The alliance was meant to be an eastern version of the European Union with Russia at the center of a global economic force. As it currently stands though, the Eurasian Economic Union -- which began in a ceremony Thursday in Astana, Kazakhstan -- has the geography to make it an important trade hub of goods passing between Europe and Asia.
It will be formally established on Jan. 1, 2015.
The union's missing member, Ukraine, hovered between joining the European Union or the new economic bloc until a national divide over the matter brought down its government in early 2013.
"We lost someone along the way, I mean Ukraine. Unfortunately this is not the agreement that our partners originally announced," said Belarus President Alexander Lukashenko. It was his hope the economic pact would be followed by political and military unity, an idea Kazakhstan rejected.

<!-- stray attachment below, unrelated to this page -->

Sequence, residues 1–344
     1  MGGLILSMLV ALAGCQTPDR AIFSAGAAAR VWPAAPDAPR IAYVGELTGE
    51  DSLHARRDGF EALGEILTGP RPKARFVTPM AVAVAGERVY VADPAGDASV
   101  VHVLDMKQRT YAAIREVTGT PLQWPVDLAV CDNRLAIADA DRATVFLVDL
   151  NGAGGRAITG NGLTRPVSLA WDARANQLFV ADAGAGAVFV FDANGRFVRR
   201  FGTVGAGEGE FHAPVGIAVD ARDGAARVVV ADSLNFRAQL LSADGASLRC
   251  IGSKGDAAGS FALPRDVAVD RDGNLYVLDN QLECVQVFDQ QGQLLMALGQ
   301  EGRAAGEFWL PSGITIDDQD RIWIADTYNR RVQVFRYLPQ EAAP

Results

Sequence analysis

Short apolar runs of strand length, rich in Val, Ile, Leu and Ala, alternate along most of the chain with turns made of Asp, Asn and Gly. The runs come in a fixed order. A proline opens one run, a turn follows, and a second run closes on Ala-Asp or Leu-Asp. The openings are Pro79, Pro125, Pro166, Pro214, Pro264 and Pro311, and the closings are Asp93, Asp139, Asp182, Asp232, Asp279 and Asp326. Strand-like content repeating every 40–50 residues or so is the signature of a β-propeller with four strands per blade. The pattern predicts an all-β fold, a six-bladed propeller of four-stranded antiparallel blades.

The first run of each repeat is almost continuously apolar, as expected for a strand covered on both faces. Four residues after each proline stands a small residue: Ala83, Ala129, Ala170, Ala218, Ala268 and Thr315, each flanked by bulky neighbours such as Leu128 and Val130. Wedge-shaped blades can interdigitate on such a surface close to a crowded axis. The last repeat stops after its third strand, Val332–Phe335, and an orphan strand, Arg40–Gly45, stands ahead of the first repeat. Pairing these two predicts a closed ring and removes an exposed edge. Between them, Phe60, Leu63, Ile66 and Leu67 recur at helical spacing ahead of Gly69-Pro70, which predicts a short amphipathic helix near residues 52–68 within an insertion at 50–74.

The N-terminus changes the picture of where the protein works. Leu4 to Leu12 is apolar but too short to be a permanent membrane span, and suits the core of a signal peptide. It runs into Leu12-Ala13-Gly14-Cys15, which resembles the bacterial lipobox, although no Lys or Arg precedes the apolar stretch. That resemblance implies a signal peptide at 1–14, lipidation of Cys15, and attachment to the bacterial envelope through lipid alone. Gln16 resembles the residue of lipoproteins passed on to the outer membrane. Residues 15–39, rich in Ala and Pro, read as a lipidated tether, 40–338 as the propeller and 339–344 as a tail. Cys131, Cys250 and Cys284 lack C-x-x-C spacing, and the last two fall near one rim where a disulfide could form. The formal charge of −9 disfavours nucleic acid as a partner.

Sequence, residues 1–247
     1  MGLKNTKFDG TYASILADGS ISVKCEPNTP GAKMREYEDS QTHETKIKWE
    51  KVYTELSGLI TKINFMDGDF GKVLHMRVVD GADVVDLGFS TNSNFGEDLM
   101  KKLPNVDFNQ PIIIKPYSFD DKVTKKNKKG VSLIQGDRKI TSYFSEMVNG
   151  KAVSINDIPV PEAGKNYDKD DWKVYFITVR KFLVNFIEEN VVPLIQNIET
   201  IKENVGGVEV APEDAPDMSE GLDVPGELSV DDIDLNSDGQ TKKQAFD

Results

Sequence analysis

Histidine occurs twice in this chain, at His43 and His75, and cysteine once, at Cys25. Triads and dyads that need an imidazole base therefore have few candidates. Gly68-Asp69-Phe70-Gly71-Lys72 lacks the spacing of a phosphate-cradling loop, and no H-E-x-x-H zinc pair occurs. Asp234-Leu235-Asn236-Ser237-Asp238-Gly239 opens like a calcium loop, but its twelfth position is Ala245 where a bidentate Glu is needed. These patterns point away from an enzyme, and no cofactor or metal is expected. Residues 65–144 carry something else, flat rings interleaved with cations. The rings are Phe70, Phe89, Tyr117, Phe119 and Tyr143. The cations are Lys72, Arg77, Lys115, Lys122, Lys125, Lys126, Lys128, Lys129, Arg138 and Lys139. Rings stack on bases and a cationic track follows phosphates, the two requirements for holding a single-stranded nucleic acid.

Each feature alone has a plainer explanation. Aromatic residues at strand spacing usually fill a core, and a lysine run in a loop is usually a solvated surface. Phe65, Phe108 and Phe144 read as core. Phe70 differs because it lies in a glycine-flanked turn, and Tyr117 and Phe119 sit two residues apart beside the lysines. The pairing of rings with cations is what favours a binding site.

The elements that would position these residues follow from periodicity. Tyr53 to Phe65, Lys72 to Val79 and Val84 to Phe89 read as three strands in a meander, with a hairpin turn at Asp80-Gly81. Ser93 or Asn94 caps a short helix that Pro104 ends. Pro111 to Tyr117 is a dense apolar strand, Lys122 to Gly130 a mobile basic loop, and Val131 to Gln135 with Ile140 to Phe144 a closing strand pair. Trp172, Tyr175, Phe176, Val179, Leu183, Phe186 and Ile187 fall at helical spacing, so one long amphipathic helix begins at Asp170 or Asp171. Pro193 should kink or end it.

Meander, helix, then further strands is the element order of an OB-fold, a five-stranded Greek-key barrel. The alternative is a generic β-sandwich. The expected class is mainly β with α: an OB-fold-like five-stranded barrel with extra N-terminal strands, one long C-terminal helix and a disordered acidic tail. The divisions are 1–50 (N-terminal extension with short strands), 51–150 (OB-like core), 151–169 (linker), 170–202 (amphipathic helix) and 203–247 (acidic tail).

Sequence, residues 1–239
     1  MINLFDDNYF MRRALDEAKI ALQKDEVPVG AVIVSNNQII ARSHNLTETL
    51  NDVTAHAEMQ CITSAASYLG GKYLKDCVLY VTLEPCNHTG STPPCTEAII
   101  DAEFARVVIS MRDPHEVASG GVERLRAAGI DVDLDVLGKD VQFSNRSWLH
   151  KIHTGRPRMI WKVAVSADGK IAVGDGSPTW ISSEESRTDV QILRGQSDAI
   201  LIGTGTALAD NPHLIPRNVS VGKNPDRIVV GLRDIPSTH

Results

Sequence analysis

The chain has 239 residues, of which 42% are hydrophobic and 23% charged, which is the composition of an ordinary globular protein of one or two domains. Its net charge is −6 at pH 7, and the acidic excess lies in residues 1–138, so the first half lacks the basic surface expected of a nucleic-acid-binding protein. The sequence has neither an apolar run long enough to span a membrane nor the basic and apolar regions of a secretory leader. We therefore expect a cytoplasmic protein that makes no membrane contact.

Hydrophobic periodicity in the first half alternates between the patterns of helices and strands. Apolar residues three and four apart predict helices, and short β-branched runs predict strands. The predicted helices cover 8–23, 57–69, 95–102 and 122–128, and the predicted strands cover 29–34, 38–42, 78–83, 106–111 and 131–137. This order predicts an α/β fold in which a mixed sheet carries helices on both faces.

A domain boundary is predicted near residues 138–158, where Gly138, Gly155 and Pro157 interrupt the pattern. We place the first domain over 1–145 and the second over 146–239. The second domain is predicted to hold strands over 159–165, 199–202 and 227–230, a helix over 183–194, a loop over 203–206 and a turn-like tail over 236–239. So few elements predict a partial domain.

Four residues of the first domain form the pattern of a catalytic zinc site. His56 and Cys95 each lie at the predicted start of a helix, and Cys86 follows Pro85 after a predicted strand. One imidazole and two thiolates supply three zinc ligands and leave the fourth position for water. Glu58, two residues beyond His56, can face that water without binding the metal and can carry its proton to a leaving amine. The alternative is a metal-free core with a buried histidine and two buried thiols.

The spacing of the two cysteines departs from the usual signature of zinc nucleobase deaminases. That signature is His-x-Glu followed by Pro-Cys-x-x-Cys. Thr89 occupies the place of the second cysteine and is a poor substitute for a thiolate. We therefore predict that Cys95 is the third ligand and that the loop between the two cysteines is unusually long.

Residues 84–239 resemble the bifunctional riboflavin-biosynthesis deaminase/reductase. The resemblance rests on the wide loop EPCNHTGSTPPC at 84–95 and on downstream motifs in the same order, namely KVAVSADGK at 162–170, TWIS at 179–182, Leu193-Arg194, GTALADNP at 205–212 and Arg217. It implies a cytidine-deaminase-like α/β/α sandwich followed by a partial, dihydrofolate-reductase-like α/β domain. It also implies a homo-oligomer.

The union raises Russia's profile as a global trading power, secures its interests in the economies of at least two former Soviet Union states, and partially cements an ideology of an anti-Western economic union.
Putin, in a 2011 newspaper essay outlining the plan, denied it was a restart of the old Soviet Union -- a charge frequently made by his critics.
"Three weak economies getting together and integrating, how much good can come out of it?" said Nargis Kassenova of Kimep University in Almaty, Kazakhstan. "Now it is even worse because one is under [economic] sanctions and drifting away from the West," she said in a reference to Russia.